Yesterday, SMRT also announced its introduction of 200 new Hyundai Azera taxis which will run on compressed natural gas (CNG), which is cleaner than diesel. Another 100 clean-running taxis will also join SMRT's 3,000-strong fleet by the second half of this year.

Currently, only two of the other five taxi companies, Smart and Prime Taxis, have CNG-powered cabs.

ComfortDelGro, which operates the majority of the bus routes here, said it was considering adding buses like those used by SMRT. It already has 148 buses that meet the LTA's newest environmental standard.

Spokesman Tammy Tan added that the company had 3,500 taxis which have similar emission levels to the CNG-run cabs.

For SMRT, the total investment for all these new vehicles will come up to $500 million, but it has assured the public that the cost will not be passed on to commuters.

SMRT debuts green fleet
Ng Jing Yng, Today Online 1 May 08;

THE push to make public transport the choice mode of travel got a green fillip yesterday as SMRT announced that commuters will soon be riding on the greenest buses in South-east Asia.

And 300 new energy-friendly SMRT taxis will also be plying the roads in the later half of the year — all part of the company's $50-million investment in new vehicles.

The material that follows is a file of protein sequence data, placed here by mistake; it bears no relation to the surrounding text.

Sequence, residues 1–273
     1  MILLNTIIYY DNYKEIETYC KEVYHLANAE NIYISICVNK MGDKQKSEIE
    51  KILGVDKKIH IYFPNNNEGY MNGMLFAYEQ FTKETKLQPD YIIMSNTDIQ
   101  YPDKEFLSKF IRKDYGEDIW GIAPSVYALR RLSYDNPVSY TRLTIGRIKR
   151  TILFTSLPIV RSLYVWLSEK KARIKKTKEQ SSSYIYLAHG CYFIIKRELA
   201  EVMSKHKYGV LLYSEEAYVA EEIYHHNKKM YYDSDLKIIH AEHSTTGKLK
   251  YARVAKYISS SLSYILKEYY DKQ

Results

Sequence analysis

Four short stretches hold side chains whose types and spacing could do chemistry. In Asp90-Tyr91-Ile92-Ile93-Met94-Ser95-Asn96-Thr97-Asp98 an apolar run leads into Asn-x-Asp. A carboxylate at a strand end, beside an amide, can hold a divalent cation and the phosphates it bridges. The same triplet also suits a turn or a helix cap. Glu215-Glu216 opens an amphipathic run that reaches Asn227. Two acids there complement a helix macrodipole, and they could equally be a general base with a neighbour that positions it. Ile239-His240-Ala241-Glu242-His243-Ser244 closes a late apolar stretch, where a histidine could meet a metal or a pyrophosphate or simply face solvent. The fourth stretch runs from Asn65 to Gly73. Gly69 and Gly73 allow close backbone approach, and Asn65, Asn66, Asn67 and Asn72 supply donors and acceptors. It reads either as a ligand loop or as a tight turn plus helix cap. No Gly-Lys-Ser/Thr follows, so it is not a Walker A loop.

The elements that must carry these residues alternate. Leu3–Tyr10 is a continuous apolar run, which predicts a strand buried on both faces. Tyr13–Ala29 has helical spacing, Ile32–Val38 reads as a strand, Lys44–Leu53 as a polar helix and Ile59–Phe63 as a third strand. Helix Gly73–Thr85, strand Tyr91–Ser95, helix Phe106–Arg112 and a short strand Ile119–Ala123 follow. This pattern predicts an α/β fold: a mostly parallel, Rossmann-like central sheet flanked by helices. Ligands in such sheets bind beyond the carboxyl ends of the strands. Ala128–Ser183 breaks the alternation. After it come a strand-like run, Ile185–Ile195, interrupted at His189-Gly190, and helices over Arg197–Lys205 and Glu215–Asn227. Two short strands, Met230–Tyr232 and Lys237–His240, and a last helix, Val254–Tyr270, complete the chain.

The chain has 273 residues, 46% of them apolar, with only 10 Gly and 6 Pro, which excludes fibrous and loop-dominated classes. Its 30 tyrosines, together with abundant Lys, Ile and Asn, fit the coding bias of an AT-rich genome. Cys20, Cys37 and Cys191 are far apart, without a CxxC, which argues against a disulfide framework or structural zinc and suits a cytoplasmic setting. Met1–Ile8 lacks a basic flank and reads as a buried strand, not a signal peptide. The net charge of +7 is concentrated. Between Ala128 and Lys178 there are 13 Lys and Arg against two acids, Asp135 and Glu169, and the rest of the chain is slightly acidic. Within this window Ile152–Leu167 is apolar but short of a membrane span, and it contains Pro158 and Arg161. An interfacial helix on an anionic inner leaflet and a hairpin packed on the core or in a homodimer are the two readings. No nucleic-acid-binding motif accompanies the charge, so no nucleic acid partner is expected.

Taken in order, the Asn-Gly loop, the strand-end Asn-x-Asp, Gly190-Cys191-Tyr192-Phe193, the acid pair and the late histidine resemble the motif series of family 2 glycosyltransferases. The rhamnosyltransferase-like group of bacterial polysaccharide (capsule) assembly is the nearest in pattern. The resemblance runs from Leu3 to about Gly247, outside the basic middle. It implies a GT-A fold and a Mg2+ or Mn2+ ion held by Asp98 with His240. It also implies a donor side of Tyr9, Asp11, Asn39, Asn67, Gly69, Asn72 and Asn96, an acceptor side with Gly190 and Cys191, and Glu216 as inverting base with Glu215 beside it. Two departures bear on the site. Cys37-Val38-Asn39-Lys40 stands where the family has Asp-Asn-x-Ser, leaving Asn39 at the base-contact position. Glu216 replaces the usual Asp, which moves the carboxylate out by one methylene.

The first green Euro V bus will be making its regional debut here on May 14. It is said to reduce harmful emissions of nitrous oxide, a greenhouse gas, by about 42 per cent from the earlier model, the Euro IV, according to European emissions standards.

Currently, the emission levels set by the Land Transport Authority (LTA) for other diesel vehicles is based on the Euro IV standard. Plans for the new green bus and taxis were unveiled at the "SMRT Is Green" event yesterday.

These new buses — with 66 more to be added to the fleet from August — will feature disabled-friendly features such as an open area behind the driver for wheelchair-bound passengers.

The buses are also equipped with brushless air-conditioner blowers that generate no carbon dust and are quieter.

As for the new fleet of SMRT's green taxis, 200 will run on compressed natural gas (CNG). The SMRT's remaining 100 Chrysler taxis will meet Euro IV emissions standards.

Speaking at the event's launch, Mr Teo Ser Luck highlighted the importance of environmental sustainability in the transport sector, given that it accounts for 19 per cent of the total carbon dioxide emissions here.

"We have to ensure that our transport sector is as 'green' as possible, if our city is to remain liveable," said the Senior Parliamentary Secretary for Ministry of Community Development, Youth and Sports.

And to ensure that "we have a city in a garden, and not a city in a car park", Mr Teo said there is a need to encourage more Singaporeans to take public transport.

While some commuters Today spoke to welcomed SMRT's efforts to develop an eco-friendly public transport system, they also pointed to the need to improve quality standards to get more people to use public transport.

"Even as we move towards being environmentally-friendly, the comfort of passengers has to be improved as the current frequency of bus trips is unable to meet growing demand," said student Vanessa Lim, 22.